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Islet Cell Physiology

Department of Clinical Sciences, Malmö

Head: Albert Salehi

Goup members

Albert Salehi, PI

The islet cell physiology is headed by Associate Professor Albert Salehi. Coworkers including in his group are PhD-students. Post-docs, laboratory technicians and affiliate visiting researchers from collaborating countries.

Introduction

The aetiology of type 2 diabetes (T2D) is complex and it seems to involve the interaction between both genetic and environmental factors (also including nutritional and metabolic signals).  Despite the increasing knowledge of T2D, treatment or prevention of the disease is still not satisfactory, as no T2D drug available on the market has been able to prevent the progressive nature of the disease and thereby reduce the economic burden of diabetes on society.

Goals

G protein coupled receptors (GPCRs) are of extreme pharmacological importance and potential targets for new therapeutic agents in the treatment of a number of human diseases including T2D. We have identified numerous orphan GPCRs in human pancreatic islets, abdominal fat tissue and liver cells where we will functionally characterize novel GPCRs, secreted proteins and small molecules that regulate beta-cell proliferation, survival and functionality, where we also evaluate their suitability as novel drug targets for the treatment of type 2 diabetes. We hope that these proof-of-concept studies will initiate the development of novel classes of anti-diabetic drugs that may either complement or replace existing diabetes medications.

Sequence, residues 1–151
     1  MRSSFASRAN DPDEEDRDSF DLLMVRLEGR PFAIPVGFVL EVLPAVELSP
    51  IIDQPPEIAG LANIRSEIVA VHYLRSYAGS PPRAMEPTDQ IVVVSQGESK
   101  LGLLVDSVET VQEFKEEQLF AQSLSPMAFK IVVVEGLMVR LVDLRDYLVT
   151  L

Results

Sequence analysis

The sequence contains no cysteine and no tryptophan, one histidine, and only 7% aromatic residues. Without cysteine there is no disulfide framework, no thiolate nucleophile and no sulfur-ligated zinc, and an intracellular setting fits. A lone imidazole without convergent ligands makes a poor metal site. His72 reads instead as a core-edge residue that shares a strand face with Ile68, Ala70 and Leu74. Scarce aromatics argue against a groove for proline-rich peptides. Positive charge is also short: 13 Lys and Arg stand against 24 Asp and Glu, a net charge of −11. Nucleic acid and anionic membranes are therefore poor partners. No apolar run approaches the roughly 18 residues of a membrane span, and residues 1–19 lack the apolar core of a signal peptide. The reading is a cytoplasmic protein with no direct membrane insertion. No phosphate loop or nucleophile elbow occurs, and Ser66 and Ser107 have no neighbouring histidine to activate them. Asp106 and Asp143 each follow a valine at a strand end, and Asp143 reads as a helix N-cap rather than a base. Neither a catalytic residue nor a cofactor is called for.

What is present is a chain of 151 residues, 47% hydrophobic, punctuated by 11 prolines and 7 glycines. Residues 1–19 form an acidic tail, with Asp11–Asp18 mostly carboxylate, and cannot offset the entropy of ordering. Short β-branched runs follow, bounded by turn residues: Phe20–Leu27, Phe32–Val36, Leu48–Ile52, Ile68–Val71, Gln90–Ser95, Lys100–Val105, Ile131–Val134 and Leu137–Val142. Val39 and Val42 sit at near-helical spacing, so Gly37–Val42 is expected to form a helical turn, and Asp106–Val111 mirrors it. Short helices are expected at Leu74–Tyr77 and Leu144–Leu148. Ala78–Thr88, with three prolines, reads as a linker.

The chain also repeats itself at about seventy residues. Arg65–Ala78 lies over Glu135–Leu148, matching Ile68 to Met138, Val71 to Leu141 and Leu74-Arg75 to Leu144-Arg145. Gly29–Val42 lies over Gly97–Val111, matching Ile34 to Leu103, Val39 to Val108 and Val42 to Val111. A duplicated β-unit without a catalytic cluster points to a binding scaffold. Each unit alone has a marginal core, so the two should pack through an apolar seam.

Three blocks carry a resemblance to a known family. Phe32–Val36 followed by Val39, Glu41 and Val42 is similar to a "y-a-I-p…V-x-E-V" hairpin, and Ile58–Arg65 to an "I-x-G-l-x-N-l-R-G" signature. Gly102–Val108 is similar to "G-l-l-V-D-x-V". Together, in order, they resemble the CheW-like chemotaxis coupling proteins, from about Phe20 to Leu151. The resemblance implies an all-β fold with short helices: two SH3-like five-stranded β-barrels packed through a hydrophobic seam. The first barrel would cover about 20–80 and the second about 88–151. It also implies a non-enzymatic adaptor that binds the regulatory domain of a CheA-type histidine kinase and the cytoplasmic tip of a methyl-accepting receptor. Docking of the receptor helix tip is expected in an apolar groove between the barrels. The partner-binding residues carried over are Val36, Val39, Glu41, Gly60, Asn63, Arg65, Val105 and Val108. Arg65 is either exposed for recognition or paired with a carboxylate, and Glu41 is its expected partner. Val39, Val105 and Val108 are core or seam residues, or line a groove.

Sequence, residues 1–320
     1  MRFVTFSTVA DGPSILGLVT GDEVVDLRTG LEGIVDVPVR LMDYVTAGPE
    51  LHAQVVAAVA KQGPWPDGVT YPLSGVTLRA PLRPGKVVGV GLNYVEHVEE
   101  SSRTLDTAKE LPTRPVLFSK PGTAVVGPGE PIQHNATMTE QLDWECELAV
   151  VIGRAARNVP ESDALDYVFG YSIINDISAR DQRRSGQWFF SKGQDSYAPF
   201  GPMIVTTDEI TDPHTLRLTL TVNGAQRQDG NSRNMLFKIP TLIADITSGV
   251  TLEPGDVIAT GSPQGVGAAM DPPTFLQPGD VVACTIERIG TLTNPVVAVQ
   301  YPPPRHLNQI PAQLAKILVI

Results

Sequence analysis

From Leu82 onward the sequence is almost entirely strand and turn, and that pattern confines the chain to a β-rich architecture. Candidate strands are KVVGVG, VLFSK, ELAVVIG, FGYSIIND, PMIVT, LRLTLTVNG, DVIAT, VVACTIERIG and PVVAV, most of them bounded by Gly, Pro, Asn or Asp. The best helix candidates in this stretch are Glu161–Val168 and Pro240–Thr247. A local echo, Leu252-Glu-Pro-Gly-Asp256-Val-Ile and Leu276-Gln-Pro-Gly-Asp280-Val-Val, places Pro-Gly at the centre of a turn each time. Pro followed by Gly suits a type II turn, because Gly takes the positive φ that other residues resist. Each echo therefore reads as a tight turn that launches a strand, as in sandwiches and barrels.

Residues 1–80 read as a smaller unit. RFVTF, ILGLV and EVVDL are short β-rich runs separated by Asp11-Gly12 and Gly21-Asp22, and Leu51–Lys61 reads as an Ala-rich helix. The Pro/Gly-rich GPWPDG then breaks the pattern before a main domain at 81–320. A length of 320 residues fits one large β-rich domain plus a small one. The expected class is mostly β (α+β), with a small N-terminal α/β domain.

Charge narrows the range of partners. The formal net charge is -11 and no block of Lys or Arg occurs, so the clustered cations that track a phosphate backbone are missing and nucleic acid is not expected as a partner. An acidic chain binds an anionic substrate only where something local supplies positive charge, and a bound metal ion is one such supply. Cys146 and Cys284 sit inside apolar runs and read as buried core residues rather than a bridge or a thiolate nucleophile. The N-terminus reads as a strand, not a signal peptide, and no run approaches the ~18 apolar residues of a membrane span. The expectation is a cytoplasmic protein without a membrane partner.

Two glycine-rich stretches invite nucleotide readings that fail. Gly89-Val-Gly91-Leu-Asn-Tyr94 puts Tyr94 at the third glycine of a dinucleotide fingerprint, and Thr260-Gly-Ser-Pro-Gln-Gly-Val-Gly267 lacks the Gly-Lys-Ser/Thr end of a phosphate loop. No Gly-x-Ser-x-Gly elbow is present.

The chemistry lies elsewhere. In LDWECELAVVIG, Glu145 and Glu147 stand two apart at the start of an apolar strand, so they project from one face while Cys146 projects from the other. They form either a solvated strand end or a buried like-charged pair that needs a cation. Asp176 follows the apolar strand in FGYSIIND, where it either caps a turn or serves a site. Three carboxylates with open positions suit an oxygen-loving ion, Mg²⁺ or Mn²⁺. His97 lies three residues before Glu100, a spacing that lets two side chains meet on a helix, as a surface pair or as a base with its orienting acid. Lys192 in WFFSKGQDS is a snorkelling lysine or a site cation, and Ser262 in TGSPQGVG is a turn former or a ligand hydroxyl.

Impact

Since the functional role of the majority of all pancreatic islet GPCRs is not stablished, we believe that there is a great potential to discover both the possible physiological role of these GPCRs in islet function to further find a novel pancreatic islet specific drug targets lacking influence on the other tissues.

Tangible results

We are in the process of publishing our GPCR data which will be an evolutionary tool designed to build up a platform to be used by all researchers in Sweden and other countries.